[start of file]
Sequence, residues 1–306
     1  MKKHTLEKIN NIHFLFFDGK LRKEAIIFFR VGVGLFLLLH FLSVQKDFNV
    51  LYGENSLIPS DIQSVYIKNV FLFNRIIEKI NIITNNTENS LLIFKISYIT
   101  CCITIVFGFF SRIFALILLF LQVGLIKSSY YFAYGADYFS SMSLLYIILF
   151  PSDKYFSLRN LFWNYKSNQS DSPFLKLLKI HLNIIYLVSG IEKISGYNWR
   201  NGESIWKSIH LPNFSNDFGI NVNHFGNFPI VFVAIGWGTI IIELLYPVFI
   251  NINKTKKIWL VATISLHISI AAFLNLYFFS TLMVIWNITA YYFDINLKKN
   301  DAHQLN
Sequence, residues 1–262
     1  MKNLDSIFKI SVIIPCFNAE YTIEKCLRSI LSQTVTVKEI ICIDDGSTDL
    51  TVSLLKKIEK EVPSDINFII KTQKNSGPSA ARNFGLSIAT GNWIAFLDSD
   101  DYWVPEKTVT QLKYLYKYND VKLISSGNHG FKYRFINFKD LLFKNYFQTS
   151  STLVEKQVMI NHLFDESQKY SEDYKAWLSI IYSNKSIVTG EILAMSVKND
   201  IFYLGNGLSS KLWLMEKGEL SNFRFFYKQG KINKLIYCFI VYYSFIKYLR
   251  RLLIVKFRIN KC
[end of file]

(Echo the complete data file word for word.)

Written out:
Sequence, residues 1–306
     1  MKKHTLEKIN NIHFLFFDGK LRKEAIIFFR VGVGLFLLLH FLSVQKDFNV
    51  LYGENSLIPS DIQSVYIKNV FLFNRIIEKI NIITNNTENS LLIFKISYIT
   101  CCITIVFGFF SRIFALILLF LQVGLIKSSY YFAYGADYFS SMSLLYIILF
   151  PSDKYFSLRN LFWNYKSNQS DSPFLKLLKI HLNIIYLVSG IEKISGYNWR
   201  NGESIWKSIH LPNFSNDFGI NVNHFGNFPI VFVAIGWGTI IIELLYPVFI
   251  NINKTKKIWL VATISLHISI AAFLNLYFFS TLMVIWNITA YYFDINLKKN
   301  DAHQLN
Sequence, residues 1–262
     1  MKNLDSIFKI SVIIPCFNAE YTIEKCLRSI LSQTVTVKEI ICIDDGSTDL
    51  TVSLLKKIEK EVPSDINFII KTQKNSGPSA ARNFGLSIAT GNWIAFLDSD
   101  DYWVPEKTVT QLKYLYKYND VKLISSGNHG FKYRFINFKD LLFKNYFQTS
   151  STLVEKQVMI NHLFDESQKY SEDYKAWLSI IYSNKSIVTG EILAMSVKND
   201  IFYLGNGLSS KLWLMEKGEL SNFRFFYKQG KINKLIYCFI VYYSFIKYLR
   251  RLLIVKFRIN KC